9. listening to books on audio that I’ve already read, but knew I would enjoy again (The Happiness Project, Truly Madly Guilty, The Four Hour Workweek)
  10. changing the way I did Santa Shoebox this year (click to Instagram and then click on the red circle under my bio where I talked about this)
  11. danced in Zumbathons
  12. did seasonal photodrives
  13. used fun notebooks and stationery at work
  14. went to watch Crazy Rick Asians with some friends (I never go out at night and definitely not to the movies, so this was enormous fun)
  15. I did a Handyman Course – this was the MOST fun thing ever, possibly because I’ve always wanted to go on a course like this

And now for a brief 18 in 2018 update…

I’ve done 16 of my 18 in 2018 items, and I’ve just scheduled number 17. For some reason I’m getting stuck on number 18…. but there are still 3 months left πŸ™‚

Over to you!

How are you doing with your word of the year?

You can always change your word if it’s not working for you. To be honest, I briefly entertained the idea of changing my word because I feel like my world’s getting smaller….. but then I realised that is precisely the right reason to have FUN as a word. Hopefully there’ll be a few more fun things to say YES to in the next 3 months.

And if you’re doing 18 in 2018 (there’s a free form you can get here), let me know how it’s going. I do hope Gretchen Rubin does this challenge again next year – it’s been such a fun way of doing goals.

 

My monthly recap for July

I’m smack-bang in the middle of birthday season at the moment, so I’m not going to wait for the actual end-of-the-month before doing my monthly recap.

As an aside, can you see how this Upholder is breaking loose?! The Four Tendencies deep dive course really helped me to clarify why I do things and question whether I want to continue doing them. When I figure out Instagram TV, I’m going to do a little video on my learnings from the course.

Moving along.

Let’s talk about my highlights for July

1. Our family beach holiday. We were in Ballito for a week and I read 5 books, got to nap on the couch one afternoon, watched Wimbledon, and took many many walks on the boardwalk. Also, something weird happens to my body at the coast – I wake at 6.20 every day (I would wake at 9.00 if left to my own devices in Johannesburg)Β  – so I got to watch so many sunrises.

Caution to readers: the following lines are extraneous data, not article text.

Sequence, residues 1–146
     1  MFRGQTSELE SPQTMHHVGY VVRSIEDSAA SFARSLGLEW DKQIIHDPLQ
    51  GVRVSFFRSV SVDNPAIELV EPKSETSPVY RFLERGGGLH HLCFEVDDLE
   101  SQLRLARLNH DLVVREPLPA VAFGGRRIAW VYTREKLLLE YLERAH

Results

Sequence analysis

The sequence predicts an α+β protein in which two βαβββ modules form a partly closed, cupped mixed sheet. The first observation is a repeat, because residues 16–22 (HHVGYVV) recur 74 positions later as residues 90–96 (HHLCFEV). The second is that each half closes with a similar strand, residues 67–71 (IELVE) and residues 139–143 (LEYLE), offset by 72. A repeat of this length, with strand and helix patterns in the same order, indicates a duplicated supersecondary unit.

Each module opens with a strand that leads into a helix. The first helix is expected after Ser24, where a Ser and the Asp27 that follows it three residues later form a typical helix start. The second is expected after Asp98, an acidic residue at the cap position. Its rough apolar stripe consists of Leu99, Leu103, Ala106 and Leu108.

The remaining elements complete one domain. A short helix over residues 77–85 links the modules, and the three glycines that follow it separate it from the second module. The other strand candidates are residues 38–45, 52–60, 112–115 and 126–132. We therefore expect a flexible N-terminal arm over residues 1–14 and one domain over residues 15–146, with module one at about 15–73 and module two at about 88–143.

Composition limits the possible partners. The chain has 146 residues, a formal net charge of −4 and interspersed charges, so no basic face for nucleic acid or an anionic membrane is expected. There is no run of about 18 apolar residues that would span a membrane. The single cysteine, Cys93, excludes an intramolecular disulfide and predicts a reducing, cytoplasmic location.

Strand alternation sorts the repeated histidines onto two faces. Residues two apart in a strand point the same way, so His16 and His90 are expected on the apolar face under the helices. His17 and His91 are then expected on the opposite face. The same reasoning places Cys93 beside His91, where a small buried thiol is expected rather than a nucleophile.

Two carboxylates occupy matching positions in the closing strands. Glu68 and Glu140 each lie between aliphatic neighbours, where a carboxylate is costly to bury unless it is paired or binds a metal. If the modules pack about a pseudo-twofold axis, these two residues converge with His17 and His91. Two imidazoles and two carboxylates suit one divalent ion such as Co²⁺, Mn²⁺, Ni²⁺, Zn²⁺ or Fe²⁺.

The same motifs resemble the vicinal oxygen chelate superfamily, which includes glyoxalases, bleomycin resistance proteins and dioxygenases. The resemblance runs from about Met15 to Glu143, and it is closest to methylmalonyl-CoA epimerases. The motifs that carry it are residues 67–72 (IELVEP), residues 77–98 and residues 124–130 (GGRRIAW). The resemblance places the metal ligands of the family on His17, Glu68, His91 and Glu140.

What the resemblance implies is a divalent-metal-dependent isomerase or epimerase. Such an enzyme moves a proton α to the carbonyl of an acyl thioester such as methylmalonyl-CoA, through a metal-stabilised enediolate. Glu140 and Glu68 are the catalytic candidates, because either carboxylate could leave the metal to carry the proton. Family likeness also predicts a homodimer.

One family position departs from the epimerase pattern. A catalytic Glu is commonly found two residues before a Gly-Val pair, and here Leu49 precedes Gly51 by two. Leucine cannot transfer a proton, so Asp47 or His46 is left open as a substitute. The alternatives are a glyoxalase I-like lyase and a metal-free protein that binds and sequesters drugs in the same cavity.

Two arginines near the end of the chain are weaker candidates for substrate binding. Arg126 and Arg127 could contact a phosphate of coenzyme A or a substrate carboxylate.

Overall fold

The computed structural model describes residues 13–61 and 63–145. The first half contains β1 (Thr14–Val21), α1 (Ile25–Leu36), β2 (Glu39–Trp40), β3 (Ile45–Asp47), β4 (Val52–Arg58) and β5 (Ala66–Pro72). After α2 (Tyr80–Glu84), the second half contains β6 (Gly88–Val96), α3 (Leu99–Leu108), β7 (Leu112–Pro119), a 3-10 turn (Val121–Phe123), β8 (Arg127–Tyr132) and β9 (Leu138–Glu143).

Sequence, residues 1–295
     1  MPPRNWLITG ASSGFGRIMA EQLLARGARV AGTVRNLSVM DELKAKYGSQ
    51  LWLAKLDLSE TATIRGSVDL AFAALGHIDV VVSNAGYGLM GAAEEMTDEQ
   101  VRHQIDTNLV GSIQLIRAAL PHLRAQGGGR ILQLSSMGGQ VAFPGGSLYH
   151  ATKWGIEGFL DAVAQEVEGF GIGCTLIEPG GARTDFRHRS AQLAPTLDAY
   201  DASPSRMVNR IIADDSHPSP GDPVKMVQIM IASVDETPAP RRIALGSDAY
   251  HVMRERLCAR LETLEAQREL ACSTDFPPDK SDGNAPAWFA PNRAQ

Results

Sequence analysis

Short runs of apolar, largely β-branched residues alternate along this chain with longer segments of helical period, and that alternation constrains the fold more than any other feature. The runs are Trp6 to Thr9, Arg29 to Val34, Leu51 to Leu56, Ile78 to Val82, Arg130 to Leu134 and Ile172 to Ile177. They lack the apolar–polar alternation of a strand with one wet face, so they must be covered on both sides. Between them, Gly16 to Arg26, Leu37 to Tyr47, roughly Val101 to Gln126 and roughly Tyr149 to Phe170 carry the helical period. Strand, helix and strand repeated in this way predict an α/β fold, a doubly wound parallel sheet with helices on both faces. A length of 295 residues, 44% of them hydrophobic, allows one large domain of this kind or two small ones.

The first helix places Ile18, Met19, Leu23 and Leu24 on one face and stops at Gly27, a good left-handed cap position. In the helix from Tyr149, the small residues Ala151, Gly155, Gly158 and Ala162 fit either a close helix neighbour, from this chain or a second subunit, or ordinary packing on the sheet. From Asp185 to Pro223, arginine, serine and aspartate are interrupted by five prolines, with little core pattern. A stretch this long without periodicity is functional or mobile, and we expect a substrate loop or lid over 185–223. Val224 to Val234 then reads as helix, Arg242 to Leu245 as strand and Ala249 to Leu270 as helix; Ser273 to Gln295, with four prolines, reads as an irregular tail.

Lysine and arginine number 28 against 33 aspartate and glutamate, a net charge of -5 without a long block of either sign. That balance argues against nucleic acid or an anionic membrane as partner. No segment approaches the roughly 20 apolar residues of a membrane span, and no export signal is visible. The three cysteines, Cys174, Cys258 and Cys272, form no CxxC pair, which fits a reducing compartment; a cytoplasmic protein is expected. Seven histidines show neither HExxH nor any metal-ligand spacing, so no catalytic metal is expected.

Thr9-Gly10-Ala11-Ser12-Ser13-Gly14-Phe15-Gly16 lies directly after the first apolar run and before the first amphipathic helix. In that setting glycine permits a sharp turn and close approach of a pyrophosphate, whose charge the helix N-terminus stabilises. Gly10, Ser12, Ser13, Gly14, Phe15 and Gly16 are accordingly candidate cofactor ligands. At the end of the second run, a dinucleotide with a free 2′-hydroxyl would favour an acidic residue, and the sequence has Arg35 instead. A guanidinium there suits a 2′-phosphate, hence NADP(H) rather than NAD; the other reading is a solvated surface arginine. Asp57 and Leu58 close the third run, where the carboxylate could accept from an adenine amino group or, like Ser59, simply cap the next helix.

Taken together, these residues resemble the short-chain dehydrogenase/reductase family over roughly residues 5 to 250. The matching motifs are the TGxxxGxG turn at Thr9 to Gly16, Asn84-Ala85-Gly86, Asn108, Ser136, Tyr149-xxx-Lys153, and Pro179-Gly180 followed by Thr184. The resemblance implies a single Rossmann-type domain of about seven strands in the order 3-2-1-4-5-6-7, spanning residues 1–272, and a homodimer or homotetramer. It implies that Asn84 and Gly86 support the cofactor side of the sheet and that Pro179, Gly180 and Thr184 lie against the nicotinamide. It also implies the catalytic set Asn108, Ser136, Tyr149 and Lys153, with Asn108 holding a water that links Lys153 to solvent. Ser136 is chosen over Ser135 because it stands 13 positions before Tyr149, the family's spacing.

2. I’ve read 10 books thus far. I should finish on 12 for the month.

3. I crossed off something from the house to-do list which was to put in a shower in the kids’ bathroom. It came about in a really standard way for me which is I became irritated with having a messy bathroom every day when I got home from work as the kids used to use my shower. Dion and I are both very neat in our bedroom/ bathroom so I asked for a quote, changed the hardware out once and then paid the deposit and the shower was done.

4. I’ve done all the birthday planning. Two parties down, Dion’s birthday on Friday and mine on the 6th with a lunch on Sat 4th. Last year we had both the twins’ parties on the same weekend – mayhem – so this year we had 1 per weekend. Of course it feels like I’m entertaining for 4 straight weeks (which I am) but it’s been a whole lot more manageable. I’m only two parties in, but so far so good.

5. And for work, I survived the year-end madness πŸ™‚ I was also up to date two days after returning from leave which is a feat that I’m particularly excited about.

Noteworthy mentions of the organising kind

  • I made updated travel lists and have put them in an A5 flipfile right down to which little travel pouch to use for my bedside table stuff. I’m super thrilled about this tiny little task that took about 10 minutes because now I don’t need to THINK every time I travel. I will just whip out my little flipfile and follow my lists.
  • We used Uber for our holiday again and it was great.
  • I ran a little giveaway on Instagram for Mandela Day and while I thought there’d be a lot more people putting up their hands for a free coaching session, I only had 4 takers, which means those 4 get 17 minutes each πŸ™‚

Tell me about your highlights and organising mentions this month.

This is how we feel about beach holidays πŸ˜‰

 

What painting my walls navy taught me



I’ve shared before about my house to-do list. This is a list that has all the things I want to get done in the house – not weekly jobs, but more cosmetic changes.

Some of the items on my list involved painting various areas upstairs, so I finally felt able to deal with the mess and I got some painters in.

They painted my study, Connor’s bedroom and the ceiling in our pyjama lounge.

At one point, Connor mentioned to me that he wanted his room blue. I’m not a fan of any “boring blues” as I call it so I told Connor that we’d have to have the perfect shade if his room were to go blue.

We settled on this very dark navy blue. I was a bit nervous because it was very dark but I felt like the room could take it because all our bedrooms are very light-filled the entire day.

To summarise, we painted Connor’s entire room navy blue (ceiling was white) and one wall in my study.

This is what I learned from painting the walls navy:

1. Trust my instincts

I wasn’t sure about the bold colour but I relied on past experience where I’d used bold colours and they all turned out fine. Most even turned out great πŸ™‚

2. Nothing is irreversible

At least not with paint colour. I tell myself if I hate it, I can just paint it again. I had a situation perhaps 12 years ago where the paint colour did not look as good on my walls as it did on the paint swatch. I tried to love it for two weeks and then called the painter to come redo it. The good news is that I loved that new colour (Parsley) for 10 years πŸ™‚

3. Take risks and be brave

I learnt a lot from The Nester about taking risks. She basically says things like “if you hate something anyway, try something new”. I’m all over this advice. Not that I hate white walls, but the point is to take chances. Our houses should be places where we feel safe…. safe to try new things and experiment.